Where next? Changing attitudes towards apprenticeships

Where next? Changing attitudes towards apprenticeships

The new Minister for Apprenticeships and Skills recently said that he wanted apprenticeships to be seen ‘as prestigious as going to Oxbridge’. Interserve’s research into the attitudes of young people, parents and employers towards apprenticeships shows that we are a long way from making this a reality. As students pick up their exam results in the next two weeks and think about what to do next, it is unlikely many will have looked into what an apprenticeship has to offer.

Changing perceptions of apprenticeships

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Conversely, the announcement that a levy will be placed on large companies has sharpened the focus of many businesses on apprenticeships. The levy is part of the government’s target to increase the number of people who start an apprenticeship to three million by 2020 and many businesses – large and small – are looking long and hard at how they can create more quality apprenticeship pathways to meet their skills needs. However, apprenticeships remain undervalued and, to a large degree, misunderstood. Even if the opportunities available through an apprenticeship are set to grow and improve, attitudes amongst those likely to take them up still lag behind.

One of the key questions that needs to be answered is how can we really start to change the debate around apprenticeships and show that they can be a genuine way to achieve a sustainable career, providing some of the best opportunities to develop and progress?

Changing perceptions

As young people get their GCSE and A-Level results, Interserve’s 2016 report into attitudes around apprenticeships suggests that the majority will not be thinking about taking one up when they leave formal education. The most compelling finding from the report is that only 7 per cent of young people thinking about their next step after finishing school were considering doing an apprenticeship – this falls to just 2 per cent in London.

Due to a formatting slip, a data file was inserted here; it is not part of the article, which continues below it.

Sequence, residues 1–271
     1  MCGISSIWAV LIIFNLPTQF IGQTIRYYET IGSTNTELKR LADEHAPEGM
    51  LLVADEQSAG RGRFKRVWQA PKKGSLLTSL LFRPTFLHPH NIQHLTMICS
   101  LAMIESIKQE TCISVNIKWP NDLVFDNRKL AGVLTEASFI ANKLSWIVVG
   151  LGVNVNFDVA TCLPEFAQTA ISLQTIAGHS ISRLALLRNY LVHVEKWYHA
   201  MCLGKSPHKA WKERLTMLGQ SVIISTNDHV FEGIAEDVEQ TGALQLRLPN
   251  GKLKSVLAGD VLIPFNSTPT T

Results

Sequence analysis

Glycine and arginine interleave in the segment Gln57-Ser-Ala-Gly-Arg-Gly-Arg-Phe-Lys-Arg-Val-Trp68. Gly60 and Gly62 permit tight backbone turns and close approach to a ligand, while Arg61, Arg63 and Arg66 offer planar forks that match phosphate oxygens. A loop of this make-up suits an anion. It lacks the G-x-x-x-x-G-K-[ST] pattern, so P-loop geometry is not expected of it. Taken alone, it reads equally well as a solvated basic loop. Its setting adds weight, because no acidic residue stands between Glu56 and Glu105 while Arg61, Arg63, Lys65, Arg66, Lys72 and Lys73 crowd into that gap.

To change these ingrained perceptions, the report recommends a campaign that builds on the work being done by GetInGoFar, developing some specific areas of focus in regions where apprenticeships are regarded particularly poorly and around new pathways that can really shift the dial in terms of where and how far an apprenticeship can take you.

For example, the research findings showed that when young people and parents know a bit more about the opportunities provided by Higher and Degree apprenticeships, they were more open to considering them as the best option for their own careers or their children. If real effort was made to promote the fact that new apprenticeship pathways can take you to the top without incurring the debt of a university degree, then it is likely that attitudes will start to shift. Improving the way careers advice is delivered in schools is clearly one important factor, and encouraging more businesses and providers to engage with schools is a promising start. Similarly, the findings of the research point to a real challenge in London – where views about apprenticeships are particularly negative. As such, ensuring that the scope of apprenticeship pathways are understood and showing how they apply to dynamic and cutting edge sectors, as well as the more traditional, is key.

Understanding the options

For young people thinking about their next step, apprenticeships do have a lot to offer. Recent government data shows apprenticeships available in 1,500 job roles, covering more than 170 industries. There are currently 75 higher and degree apprenticeships available, with more in development, including foundation degrees, Higher National Diplomas and full honours degrees.